Who is the Art Ross Trophy winner?

For the third time in four years, an Oiler has won the Art Ross Trophy, but for the first time, it wasn’t Connor McDavid. Leon Draisaitl wins the award in 2019-20 after posting 110 points, including a league-high 67 assists, becoming the first German to ever win the award. Draisaitl joins McDavid and Wayne Gretzky as the only Oilers to earn the honor.

It was a breakout season for the 24-year-old setting a career-high in apples. As a leader on the best power-play unit in the league, the German forward led the NHL with 44 power play points.

With McDavid finishing in second behind Draisaitl, the two become the first set of teammates to finish in the top-two in scoring since the 2012-13 season when it was the Lightning’s Martin St. Louis and Steven Stamkos.

Who is the Rocket Richard Trophy winner?

Pastrnak and Ovechkin scored 48 goals this season to tie for the most in the league. For the first time in a decade, we’ll have co-winners of the award. The Lightning’s Steven Stamkos and Penguins’ Sidney Crosby shared the trophy in the 2009-10 season with 51 goals each.

The Great Eight wins the award for a ninth time and for the seventh time in eight years. Pastrnak wins the award for the first time in his career and becomes the first Bruin to win the honor.

Since the award was created in 1998-99 season, Ovechkin’s nine Rocket Richard trophies is the most in NHL history, seven more than the next closest batch of players.

Who is the William M. Jennings Trophy winner?

Tuukka Rask and Jaroslav Halak (Bruins)

Rask and Halak share the award as the goaltenders on the team who allowed the fewest goals this season. Boston led the league in goals allowed (167) with Rask leading the NHL with a 2.12 goals-against average and placing second with a .929 save percentage.

Halak was just as strong in goal posting a 2.39 goals-against average and a .919 save percentage with his play earning him a one-year contract extension.

It’s the third time the Bruins have won the William M. Jennings Trophy with the other instances coming in the 1989-90 season (Reggie Lemelin and Andy Moog) and 2008-09 (Tim Thomas and Manny Fernandez). 

Who was the highest-scoring rookie?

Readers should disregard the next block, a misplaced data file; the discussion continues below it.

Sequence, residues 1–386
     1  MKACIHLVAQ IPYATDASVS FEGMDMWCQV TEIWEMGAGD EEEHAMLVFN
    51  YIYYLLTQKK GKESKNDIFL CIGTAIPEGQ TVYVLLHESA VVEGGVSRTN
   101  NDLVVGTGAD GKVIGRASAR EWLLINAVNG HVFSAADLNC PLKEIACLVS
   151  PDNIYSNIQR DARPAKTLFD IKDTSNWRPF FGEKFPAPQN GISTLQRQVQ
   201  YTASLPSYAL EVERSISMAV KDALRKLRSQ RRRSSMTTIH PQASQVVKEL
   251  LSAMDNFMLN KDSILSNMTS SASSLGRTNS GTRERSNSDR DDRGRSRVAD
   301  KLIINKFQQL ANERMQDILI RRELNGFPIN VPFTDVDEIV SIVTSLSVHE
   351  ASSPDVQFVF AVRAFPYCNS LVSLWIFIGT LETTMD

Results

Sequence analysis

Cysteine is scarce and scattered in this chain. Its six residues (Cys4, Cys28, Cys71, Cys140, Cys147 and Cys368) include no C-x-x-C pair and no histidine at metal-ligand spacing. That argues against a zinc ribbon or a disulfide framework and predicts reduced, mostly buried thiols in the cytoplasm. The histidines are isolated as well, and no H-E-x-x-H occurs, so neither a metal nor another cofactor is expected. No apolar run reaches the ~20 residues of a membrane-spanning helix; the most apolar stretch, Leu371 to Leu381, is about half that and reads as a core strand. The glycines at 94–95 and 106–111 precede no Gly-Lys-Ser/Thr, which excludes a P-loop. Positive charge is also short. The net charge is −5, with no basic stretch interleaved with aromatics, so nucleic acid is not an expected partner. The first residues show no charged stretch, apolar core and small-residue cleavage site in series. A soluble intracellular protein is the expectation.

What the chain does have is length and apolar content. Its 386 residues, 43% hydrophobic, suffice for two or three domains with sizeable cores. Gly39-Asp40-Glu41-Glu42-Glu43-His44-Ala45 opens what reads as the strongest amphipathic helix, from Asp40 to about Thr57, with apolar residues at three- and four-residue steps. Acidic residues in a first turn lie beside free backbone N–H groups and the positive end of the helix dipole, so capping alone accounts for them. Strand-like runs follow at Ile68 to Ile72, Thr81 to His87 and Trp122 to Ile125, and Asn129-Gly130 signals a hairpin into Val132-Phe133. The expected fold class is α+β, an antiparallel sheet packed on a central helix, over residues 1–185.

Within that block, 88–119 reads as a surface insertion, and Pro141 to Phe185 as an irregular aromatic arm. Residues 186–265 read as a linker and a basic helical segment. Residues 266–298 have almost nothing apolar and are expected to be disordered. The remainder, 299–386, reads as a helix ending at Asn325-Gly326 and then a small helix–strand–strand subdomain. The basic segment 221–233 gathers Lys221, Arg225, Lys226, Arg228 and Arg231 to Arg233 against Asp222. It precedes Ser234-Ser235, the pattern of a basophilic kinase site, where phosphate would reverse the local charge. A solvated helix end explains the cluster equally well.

Quinn Hughes, Canucks

For the second straight year, a Vancouver Canuck has tallied the most points by a rookie in a season. Elias Pettersson had that honor last season with 66 points in 71 games. This season, the Vancouver blueliner finished tops among rookies with 53 points in 68 games this season edging out Avalanche defenseman Cale Makar who finished with 50 in 57. Rounding out the top-five is Chicago Blackhawks forward Dominik Kubalik (46), Sabres forward Victor Olofsson (42) and New York Rangers defenseman Adam Fox (42).

Hughes is the first defenseman to lead all rookies in points since the 1988-89 season when Rangers blueliner Brian Leetch had 71 points in 68 games. 

He’ll look to follow Pettersson’s footsteps and win the Calder Memorial Trophy. If Hughes were to win, it would be the first time the award was given to a recipient on the same team in consecutive years since the Bruins’ Bobby Orr and Derek Sanderson won it back-to-back in 1966-67 and 1967-68.

NHL ‘hub cities’: Evaluating Canadian markets’ viability of hosting games

Who are the scoring leaders on teams not competing for a Stanley Cup?

Sabres forward Jack Eichel is the highest-scoring player whose season is over. The Buffalo captain ranked 10th in the NHL with 78 points as the team’s league-leading playoff drought has extended to nine seasons.

Other notable players who will have to wait until next season before hitting the ice is the Kings’ Anze Kopitar (62 points), Red Wings’ Dylan Larkin (53 points), Sabres’ Sam Reinhart (50 points) and Sharks’ Timo Meier (49 points).

For the seventh time in its 28-year history, the Sharks have missed the Stanley Cup playoffs and just for the third time since the turn of the century (2002-03 and 2014-15). Big names, such as forwards Evander Kane and Logan Couture and defensemen Erik Karlsson and Brent Burns, will be at home for the foreseeable future.

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Stanley Cup playoffs 2020: Everything we know about the NHL’s potential resumption

The rumour mill continues to churn, but one thing appears to be more and more definite: a 2020 Stanley Cup champion will be crowned.

When it’ll happen is still in flux because of such things as location, coronavirus testing, the U.S.-Canada border closures, limited access from Europe and mandatory 14-day quarantines to anyone entering Canada.

Regardless of those variables, it sounds as if the NHL and the NHL Players’ Association, through their joint Return to Play Committee, are inching closer to summer hockey. The Boston Globe’s Kevin Paul Dupont wrote (subscription required) that the Bruins may be able to get back on the ice, albeit in small groups, by June 1 under Phase 2 of the league’s reopening protocols, with the playoffs starting July 1.

Here’s everything we know so far about the NHL’s potential return to the ice:

How many teams would return?

According to a report from Sportsnet’s Elliotte Friedman on May 20, it looks as if the league, the players and the Return to Play Committee are zeroing in on a 24-team playoff.

The top 24 teams based on points percentage — teams had not all played the same number of games when the season was paused on March 12 — would be seeded 1-12 in each conference. Seven teams would not resume play and would then enter the draft lottery.

Eastern Conference

Western Conference

Teams that would not return